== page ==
Two female politicians and a Berlin madam were pictured clinking their champagne glasses in celebration. “Nobody employs prostitutes in Germany,” says Beretin.
None of the authorities I spoke to had ever heard of a prostitute suing for payment, either.
Iceland has followed suit, and France and Ireland look set to do the same.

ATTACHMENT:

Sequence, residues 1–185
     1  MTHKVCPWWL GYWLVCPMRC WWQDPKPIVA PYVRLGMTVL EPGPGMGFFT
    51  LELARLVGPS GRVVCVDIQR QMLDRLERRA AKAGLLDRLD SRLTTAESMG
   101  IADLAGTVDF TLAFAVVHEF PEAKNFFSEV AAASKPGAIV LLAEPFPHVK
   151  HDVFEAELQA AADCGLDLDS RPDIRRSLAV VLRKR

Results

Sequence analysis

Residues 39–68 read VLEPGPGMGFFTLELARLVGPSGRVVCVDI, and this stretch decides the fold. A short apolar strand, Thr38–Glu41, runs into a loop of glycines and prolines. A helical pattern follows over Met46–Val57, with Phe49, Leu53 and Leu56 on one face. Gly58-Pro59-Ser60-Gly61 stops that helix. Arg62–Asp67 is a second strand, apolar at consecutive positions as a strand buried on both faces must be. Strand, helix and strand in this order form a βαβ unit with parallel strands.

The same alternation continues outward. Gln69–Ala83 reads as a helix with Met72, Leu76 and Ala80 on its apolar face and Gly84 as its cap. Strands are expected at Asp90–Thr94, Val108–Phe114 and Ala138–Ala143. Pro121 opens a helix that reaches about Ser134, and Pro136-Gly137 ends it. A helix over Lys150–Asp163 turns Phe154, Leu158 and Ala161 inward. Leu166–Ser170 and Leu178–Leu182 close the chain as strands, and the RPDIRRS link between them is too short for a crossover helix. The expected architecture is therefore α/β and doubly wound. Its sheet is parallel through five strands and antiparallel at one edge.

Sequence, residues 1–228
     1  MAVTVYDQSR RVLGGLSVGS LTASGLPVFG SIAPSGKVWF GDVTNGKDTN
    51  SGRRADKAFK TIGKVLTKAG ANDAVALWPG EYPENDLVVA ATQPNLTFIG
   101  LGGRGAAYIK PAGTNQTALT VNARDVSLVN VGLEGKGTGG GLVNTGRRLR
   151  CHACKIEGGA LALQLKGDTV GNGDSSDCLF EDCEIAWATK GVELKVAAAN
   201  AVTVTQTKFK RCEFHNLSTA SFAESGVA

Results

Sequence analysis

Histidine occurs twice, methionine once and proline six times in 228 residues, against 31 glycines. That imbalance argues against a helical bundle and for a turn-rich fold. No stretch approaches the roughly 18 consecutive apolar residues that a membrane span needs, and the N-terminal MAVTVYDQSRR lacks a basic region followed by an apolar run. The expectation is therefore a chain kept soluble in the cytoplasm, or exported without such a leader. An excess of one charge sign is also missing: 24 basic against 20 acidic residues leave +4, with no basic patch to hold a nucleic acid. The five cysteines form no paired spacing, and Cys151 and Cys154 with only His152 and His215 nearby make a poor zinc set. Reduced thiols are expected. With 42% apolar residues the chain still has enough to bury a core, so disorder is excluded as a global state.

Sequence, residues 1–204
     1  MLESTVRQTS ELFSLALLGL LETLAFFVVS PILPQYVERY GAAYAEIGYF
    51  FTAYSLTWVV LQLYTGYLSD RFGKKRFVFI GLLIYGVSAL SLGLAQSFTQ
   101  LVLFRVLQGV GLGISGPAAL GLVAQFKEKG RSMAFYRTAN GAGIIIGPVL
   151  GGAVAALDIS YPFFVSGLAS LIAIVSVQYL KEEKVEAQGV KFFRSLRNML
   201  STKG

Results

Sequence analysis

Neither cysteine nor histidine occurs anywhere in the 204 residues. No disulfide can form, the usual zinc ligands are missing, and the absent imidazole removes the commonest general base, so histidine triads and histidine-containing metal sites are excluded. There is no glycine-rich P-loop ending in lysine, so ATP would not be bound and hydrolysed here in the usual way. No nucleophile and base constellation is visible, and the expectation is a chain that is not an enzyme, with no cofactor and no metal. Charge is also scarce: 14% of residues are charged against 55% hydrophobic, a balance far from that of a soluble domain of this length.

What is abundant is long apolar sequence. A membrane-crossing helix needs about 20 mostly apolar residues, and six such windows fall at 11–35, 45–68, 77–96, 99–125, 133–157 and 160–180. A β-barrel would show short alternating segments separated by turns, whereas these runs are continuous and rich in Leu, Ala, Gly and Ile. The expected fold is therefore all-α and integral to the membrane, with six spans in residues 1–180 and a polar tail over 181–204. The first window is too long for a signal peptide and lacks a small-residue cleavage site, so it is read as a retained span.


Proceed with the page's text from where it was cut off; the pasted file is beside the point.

So business is booming, I say to Michael Beretin, a partner in the company. ” he laughs, his £100,000 Audemars Piguet watch glinting in the light of the pierced metal lamps.Her bill was voted through by the European Parliament on 26 February, formally establishing the EU’s position on the issue.A few days later, on Monday, a cross-party report in Britain also recommended the model.Beretin, a shamelessly flirtatious man with a grin like Jack Nicholson’s Joker and a habit of slipping between English and German mid-sentence, is about to open the 15,000 square foot, 4.5 million-euro Paradise Saarbrücken. It’s six o’clock in the evening at Paradise and about thirty men are padding about the swirly red carpet in wine-coloured towelling robes and green plastic slippers. One is cuddling up to a pot-bellied man on a day bed.It’s modelled on the Stuttgart flagship, which he invites us to visit on a day blighted by icy, spitty rain. Several are clustered together, looking bored in their black glitter basques and hot pink fishnets, waiting for it to get busier.